Principles based surcharging, where there is no surcharging allowed for low cost systems (eftpos and scheme debit) assuming that the Reserve Bank of Australia (RBA) will require acquiring banks to separate debit and credit and not allow blending of these rates by the acquiring banks. Businesses are permitted to apply a surcharge which reflects the cost of acceptance for credit.


To ensure that there is no cross subsidisation, blended surcharging should not be permitted.


Any regulation must apply equally to all payments systems, including American Express, Diners, Union Pay, JCB, PayPal, Apple Pay, Google etc.


A threshold set at no greater than 1.5% of retail payment transactions market share before regulation is applied and regulation to capture new forms of payment systems under this model as they emerge.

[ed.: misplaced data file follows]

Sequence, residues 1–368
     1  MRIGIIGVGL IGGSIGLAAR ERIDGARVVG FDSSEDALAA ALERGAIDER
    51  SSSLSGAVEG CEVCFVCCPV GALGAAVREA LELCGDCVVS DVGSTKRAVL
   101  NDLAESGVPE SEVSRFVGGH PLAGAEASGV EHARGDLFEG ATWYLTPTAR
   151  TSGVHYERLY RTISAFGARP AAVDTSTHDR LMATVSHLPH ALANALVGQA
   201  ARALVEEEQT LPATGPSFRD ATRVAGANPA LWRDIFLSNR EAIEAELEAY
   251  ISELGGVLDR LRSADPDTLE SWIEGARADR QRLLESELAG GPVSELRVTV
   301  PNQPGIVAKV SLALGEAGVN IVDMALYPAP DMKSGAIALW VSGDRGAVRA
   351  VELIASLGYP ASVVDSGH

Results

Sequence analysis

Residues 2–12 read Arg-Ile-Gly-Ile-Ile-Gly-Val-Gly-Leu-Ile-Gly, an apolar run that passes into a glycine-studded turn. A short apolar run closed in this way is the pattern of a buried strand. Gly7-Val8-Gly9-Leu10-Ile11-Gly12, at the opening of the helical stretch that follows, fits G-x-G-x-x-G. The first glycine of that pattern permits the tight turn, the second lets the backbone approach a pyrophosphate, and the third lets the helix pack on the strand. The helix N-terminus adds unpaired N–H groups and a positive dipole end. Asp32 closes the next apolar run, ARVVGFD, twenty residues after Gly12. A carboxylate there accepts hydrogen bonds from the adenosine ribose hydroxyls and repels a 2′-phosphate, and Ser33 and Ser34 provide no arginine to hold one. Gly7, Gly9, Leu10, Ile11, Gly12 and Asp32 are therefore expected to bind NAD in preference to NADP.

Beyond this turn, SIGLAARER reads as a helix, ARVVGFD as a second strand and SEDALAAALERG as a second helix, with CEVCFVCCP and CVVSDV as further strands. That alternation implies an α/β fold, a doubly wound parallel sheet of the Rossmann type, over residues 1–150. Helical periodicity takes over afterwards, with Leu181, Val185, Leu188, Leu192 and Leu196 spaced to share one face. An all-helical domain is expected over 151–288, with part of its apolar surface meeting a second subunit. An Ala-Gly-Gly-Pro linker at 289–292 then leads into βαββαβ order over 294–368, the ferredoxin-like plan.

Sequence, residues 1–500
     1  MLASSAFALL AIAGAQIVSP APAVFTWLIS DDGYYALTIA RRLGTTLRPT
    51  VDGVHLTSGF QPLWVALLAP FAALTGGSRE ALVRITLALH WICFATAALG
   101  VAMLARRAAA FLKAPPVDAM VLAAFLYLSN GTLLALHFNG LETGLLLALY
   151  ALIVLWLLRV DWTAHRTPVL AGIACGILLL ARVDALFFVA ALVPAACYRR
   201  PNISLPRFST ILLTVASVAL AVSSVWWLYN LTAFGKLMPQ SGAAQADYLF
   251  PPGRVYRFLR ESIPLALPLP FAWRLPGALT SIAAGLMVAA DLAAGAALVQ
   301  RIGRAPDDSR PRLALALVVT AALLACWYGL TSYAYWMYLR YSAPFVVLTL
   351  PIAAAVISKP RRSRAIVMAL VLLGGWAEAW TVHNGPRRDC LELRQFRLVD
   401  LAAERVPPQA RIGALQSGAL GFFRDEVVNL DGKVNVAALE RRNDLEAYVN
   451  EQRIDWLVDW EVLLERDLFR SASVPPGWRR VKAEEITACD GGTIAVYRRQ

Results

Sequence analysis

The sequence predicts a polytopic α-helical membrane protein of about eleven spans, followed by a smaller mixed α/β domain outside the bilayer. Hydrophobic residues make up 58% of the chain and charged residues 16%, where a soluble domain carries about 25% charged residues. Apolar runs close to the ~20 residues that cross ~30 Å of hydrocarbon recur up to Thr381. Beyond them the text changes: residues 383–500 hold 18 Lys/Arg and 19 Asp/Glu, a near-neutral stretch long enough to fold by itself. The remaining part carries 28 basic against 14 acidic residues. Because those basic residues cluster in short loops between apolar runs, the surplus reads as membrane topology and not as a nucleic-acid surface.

It is important for both the RBA and Government to be able to quickly act on new technology and game changers in the payments sector with an appropriate mechanism set up allowing this process.


A significant and meaningful reduction in the disparity which currently exists between large and small merchants, therefore we submit our proposal around transparency on strategic merchant rate settings. A defined range of interchange rates applied to industries and products. The reset to ensure regular compliance with a weighted average of 50 basis points for interchange rates. Allowance of ‘special rates’ for a defined period of time, to allow schemes to incentivise new technologies and innovations in the market (to recognise that large merchants can assist with early adoption through leverage of their scale). We support the proposals to separate debit and credit rates in the provision of pricing to all merchants. To develop secure technologies in the payment sector minimising loss to retailers while maintaining smooth customer transactions.

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